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Figure 12. Data items definition: (a) Table of data items for TS Fukae Maru; (b) Structure of a data line defining properties of one data item.
Figure 12. Data items definition: (a) Table of data items for TS Fukae Maru; (b) Structure of a data line defining properties of one data item.
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Figure 13. Flowchart of the proposed shipboard data encoding method.
Figure 13. Flowchart of the proposed shipboard data encoding method.
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Figure 14. Example of 1 s of the shipboard data in the original NMEA sentence format.
Figure 14. Example of 1 s of the shipboard data in the original NMEA sentence format.
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Figure 15. Example of the shipboard data encoded using the proposed six-bit differential binary encoding method.
Figure 15. Example of the shipboard data encoded using the proposed six-bit differential binary encoding method.
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Figure 16. Comparison of the shipboard data conversion methods in terms of the required transmission rates relative to that required to transmit data in the original NMEA sentence format.
Figure 16. Comparison of the shipboard data conversion methods in terms of the required transmission rates relative to that required to transmit data in the original NMEA sentence format.
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Figure 17. Route of TS Fukae Maru during the data acquisition.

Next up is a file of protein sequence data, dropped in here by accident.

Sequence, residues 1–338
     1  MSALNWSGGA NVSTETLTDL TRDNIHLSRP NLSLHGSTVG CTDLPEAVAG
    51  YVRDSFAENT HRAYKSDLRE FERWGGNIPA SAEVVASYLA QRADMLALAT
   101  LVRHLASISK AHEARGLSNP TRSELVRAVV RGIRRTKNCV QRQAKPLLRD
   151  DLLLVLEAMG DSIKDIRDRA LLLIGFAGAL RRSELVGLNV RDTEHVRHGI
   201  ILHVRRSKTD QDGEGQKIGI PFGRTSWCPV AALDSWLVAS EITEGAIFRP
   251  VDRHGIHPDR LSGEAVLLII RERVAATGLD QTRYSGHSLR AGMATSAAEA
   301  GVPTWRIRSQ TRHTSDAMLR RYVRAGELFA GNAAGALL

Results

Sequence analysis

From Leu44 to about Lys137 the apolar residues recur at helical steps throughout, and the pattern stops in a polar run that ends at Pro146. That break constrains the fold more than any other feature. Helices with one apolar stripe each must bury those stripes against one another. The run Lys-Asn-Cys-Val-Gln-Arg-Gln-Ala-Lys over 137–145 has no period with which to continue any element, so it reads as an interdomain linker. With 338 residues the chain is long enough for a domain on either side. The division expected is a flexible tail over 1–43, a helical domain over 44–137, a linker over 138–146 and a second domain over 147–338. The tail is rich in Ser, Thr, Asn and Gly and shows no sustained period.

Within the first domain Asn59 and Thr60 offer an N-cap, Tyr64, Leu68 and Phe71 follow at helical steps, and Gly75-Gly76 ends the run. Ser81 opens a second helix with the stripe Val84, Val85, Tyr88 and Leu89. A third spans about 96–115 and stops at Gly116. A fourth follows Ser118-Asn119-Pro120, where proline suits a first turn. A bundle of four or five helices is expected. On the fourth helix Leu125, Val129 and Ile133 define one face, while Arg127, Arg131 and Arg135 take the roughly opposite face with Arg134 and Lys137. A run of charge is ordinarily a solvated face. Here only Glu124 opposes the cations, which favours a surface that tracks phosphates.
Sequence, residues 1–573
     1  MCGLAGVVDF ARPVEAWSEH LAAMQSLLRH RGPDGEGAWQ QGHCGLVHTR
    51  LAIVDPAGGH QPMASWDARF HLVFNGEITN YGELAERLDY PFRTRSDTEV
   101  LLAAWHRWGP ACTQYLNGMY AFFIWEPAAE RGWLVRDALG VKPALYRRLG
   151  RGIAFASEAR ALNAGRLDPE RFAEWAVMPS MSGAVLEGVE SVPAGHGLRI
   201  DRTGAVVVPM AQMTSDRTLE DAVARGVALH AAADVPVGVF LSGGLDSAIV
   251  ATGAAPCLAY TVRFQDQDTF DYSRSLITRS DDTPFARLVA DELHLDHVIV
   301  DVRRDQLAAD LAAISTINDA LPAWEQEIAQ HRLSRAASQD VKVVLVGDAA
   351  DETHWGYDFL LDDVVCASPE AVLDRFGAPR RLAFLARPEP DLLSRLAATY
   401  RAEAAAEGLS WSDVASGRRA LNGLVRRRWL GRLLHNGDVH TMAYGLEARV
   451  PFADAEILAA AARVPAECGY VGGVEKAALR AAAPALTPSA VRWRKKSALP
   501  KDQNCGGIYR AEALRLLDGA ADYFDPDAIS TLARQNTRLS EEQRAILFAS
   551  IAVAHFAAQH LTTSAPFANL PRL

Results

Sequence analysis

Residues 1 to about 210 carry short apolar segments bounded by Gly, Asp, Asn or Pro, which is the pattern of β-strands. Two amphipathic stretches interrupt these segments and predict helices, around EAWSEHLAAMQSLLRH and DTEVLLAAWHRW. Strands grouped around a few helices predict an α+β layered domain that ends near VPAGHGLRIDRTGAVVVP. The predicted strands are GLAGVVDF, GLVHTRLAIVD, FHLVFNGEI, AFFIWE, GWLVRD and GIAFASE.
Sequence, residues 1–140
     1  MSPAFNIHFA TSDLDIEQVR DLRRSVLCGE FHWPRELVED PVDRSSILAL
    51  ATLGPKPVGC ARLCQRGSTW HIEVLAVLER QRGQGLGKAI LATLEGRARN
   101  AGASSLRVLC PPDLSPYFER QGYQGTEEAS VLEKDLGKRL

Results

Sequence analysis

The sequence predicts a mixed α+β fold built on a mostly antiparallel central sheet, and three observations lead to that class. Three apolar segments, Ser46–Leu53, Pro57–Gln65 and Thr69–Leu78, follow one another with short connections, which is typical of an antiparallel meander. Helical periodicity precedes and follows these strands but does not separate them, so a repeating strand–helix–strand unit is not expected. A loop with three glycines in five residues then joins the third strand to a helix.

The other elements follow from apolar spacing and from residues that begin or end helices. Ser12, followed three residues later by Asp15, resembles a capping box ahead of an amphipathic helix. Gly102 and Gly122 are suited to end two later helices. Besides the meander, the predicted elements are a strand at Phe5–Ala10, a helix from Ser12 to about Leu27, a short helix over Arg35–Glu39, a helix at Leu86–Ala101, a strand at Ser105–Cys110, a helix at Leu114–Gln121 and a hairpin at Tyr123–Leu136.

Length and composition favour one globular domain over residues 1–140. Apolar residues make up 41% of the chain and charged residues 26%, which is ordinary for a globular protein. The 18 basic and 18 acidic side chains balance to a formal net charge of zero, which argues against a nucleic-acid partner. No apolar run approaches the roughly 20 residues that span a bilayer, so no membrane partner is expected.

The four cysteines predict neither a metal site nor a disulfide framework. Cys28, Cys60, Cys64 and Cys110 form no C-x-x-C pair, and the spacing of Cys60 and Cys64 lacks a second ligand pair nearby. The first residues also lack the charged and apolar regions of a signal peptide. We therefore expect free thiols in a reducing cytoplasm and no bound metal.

Figure 17. Route of TS Fukae Maru during the data acquisition.
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Table 1. Codes of the data source devices.
Table 1. Codes of the data source devices.
Device CodeData Source Device
0Voyage Data Recorder (VDR)
1GPS
2GPS compass
3GPS compass
4Doppler sonar
5Gyrocompass
6Magnet compass
7Electromagnetic (EM) log
8Doppler log
9Accelerometer
NNavigation data collection equipment
DWeather (Analog)
AAIS
RRadar 1
SRadar 2
WWeather transmitter
EEngine data logger
CCentral Processing Unit (CPU) control system
HAcoustic Doppler Current Profiler (ADCP)
BSea water monitor
Table 2. Range for the proposed six-bit binary encoding in the ASCII code table (shaded).
Table 2. Range for the proposed six-bit binary encoding in the ASCII code table (shaded).
Lower
Digit
Upper Digit
01234567
0NULDLESP0@Pp
1SOHDC1!1AQaq
2STXDC22BRbr
3ETXDC3#3CScs
4EOTDC4$4DTdt
5ENQNAK%5EUeu
6ACKSYN&6FVfv
7BELETB7GWgw
8BSCAN(8HXhx
9HTEM)9IYiy
aLFSUB*:JZjz
bVTESC+;K[k{
cFFFS,< L\l|
dCRGS-=M]m}
eSORS.> N^n~
fSIUS/?O_oDEL
Table 3. Proposed six-bit binary field conversion table.
Table 3. Proposed six-bit binary field conversion table.
Valid CharacterBinary FieldValid CharacterBinary Field
0000000P100000
1000001Q100001
2000010R100010
3000011S100011
4000100T100100
5000101U100101
6000110V100110
7000111W100111
8001000X101000
9001001Y101001
:001010Z101010
;001011[101011
< 001100\101100